“According to the order of Georgian Health Minister Ekaterine Tikaradze on 22 July, all foreign citizens who have legally entered Georgia and have stayed for a period longer than three months are entitled to register to receive vaccination against COVID-19,” OC Media wrote.
“Foreign students that have overstayed their visa in Georgia due to the pandemic will be eligible through their host educational institutions in Georgia.
“Those to be allowed to get vaccinated also include the staff and relatives of the foreign diplomatic corps in Georgia, employees of international organizations, as well as any foreigners in Georgia’s penitentiary system, including those without identification documents.”
On July 23, Amiran Gamkrelidze said at a briefing that employers should ensure that a newly vaccinated person stays at home for one or two days.
“Employers must give their employees time to get vaccinated, and time to rest afterwards,” he said. “At the Centers for Disease Control, for example, I give a day off to people who are getting vaccinated. Currently, 61% of people working at the NCDC are vaccinated and we want to reach 80-85% by the end of August,” Gamkrelidze stated.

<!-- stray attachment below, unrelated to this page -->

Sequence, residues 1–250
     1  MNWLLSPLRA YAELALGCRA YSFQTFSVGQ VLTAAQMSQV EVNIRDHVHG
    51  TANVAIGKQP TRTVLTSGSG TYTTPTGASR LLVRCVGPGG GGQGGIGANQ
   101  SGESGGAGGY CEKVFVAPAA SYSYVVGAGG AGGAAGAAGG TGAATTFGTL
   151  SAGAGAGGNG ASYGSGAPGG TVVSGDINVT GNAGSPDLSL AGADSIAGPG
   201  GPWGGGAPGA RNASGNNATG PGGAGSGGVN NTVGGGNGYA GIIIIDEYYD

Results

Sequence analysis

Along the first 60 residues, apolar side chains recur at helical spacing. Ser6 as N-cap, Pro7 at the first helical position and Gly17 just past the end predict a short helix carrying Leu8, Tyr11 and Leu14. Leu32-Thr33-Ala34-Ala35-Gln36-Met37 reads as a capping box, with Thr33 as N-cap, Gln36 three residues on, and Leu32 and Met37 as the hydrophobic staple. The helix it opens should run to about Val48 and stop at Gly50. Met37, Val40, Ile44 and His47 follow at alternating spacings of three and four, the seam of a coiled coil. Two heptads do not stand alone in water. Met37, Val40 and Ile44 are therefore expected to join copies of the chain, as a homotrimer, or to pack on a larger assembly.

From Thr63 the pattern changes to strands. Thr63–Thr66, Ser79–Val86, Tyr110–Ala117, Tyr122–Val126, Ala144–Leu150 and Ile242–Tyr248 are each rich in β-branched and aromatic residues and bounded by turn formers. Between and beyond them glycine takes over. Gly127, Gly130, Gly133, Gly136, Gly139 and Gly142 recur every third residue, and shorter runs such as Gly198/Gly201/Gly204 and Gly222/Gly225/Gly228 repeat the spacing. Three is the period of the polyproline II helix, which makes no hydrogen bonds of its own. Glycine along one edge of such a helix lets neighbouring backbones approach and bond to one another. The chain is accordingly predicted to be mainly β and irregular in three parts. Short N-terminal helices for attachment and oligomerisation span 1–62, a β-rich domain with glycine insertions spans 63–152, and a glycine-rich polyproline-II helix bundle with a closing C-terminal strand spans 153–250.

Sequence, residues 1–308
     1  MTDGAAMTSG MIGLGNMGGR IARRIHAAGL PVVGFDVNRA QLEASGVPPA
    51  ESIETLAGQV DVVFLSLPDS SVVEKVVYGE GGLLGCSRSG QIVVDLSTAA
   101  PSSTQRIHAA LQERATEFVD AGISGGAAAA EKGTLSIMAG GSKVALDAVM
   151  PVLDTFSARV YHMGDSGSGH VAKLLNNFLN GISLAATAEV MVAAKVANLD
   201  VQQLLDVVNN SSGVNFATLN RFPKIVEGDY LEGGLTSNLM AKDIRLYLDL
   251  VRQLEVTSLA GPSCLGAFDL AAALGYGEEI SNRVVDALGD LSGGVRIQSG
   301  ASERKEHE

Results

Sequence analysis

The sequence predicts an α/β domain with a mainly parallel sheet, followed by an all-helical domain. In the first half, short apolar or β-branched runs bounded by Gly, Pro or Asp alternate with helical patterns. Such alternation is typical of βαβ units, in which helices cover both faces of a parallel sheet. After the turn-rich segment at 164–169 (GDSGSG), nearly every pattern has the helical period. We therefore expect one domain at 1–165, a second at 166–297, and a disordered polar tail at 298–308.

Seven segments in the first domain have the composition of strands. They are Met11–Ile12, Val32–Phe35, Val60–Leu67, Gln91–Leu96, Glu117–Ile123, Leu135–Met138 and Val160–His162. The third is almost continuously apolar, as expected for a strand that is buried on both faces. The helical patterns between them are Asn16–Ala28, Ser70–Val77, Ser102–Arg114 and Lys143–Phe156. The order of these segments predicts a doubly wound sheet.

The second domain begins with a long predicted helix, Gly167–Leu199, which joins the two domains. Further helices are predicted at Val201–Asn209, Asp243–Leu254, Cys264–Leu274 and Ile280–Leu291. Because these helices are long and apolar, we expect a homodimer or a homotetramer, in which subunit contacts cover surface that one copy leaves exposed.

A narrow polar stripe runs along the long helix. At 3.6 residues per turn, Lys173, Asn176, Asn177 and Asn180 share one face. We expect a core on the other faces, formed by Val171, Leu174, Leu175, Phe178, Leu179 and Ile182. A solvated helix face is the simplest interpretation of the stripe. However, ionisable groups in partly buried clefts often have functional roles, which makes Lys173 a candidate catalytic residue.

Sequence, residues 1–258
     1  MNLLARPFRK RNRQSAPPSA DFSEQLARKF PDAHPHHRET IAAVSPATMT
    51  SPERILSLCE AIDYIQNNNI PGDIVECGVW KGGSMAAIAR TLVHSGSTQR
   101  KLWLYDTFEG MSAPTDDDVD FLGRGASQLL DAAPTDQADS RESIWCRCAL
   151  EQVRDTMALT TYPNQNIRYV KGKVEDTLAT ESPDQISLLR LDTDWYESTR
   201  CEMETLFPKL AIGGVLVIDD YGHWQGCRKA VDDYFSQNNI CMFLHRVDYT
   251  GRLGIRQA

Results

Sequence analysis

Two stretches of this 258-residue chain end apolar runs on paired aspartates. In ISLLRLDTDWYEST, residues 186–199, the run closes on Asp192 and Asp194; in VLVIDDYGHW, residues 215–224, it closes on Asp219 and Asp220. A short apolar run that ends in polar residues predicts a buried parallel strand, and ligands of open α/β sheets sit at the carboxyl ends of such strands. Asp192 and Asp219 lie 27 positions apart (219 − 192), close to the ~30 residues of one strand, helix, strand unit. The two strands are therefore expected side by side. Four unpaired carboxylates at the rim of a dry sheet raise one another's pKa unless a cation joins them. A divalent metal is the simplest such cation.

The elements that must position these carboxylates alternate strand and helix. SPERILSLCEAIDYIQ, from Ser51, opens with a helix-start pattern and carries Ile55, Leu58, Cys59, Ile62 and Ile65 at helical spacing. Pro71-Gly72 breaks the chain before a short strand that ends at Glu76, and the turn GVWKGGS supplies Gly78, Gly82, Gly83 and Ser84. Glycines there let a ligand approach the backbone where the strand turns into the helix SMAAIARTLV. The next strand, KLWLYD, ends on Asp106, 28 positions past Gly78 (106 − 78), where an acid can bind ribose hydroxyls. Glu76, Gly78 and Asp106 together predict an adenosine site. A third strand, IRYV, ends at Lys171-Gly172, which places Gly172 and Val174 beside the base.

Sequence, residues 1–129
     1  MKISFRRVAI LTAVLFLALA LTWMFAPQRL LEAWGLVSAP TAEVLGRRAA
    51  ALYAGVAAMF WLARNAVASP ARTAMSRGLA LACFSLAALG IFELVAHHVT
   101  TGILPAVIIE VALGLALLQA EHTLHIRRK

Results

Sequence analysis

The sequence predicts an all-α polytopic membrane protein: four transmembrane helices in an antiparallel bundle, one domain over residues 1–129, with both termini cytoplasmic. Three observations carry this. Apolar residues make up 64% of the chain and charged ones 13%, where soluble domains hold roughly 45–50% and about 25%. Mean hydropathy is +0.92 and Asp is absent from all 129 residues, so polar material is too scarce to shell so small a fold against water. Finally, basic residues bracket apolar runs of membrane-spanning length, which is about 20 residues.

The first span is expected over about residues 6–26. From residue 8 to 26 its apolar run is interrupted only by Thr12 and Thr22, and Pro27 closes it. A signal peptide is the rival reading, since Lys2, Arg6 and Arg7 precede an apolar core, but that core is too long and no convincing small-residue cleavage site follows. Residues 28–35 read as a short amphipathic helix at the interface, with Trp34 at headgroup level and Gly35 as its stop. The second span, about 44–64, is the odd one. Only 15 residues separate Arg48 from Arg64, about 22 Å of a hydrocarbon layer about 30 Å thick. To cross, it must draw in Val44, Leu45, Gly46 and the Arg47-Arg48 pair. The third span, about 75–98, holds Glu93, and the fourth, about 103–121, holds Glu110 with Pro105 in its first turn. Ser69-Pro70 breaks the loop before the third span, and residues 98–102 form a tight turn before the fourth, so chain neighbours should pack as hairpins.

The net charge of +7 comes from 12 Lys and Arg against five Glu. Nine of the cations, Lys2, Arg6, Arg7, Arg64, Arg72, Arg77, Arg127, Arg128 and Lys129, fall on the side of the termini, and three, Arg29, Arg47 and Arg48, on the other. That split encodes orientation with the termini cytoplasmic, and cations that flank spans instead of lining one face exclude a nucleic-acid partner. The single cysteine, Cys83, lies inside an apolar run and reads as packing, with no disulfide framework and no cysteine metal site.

He noted, however, that this is only a recommendation and that the NCDC had also presented other recommendations. He called on employers to encourage their employees to get the vaccine and added that certain allowances should be offered to those who are fully vaccinated.
The Arrival of Pfizer
Vaccination with the much in-demand Pfizer jab kicked off again on July 26.
On July 24, 500,000 doses of Pfizer arrived in Tbilisi as a gift from the US Government to the people of Georgia, and vaccination with Pfizer is now available in 37 medical institutions across the country.
People from 16 years of age can receive a Pfizer vaccination, which consists of two injections at least 21 days apart.
Paata Imnadze, deputy head of the NCDC, this week noted that pregnant women can be vaccinated with Pfizer, but not with Sinovac or Sinopharm yet, as neither Sinovac nor Sinopharm had completed clinical trials on pregnant women.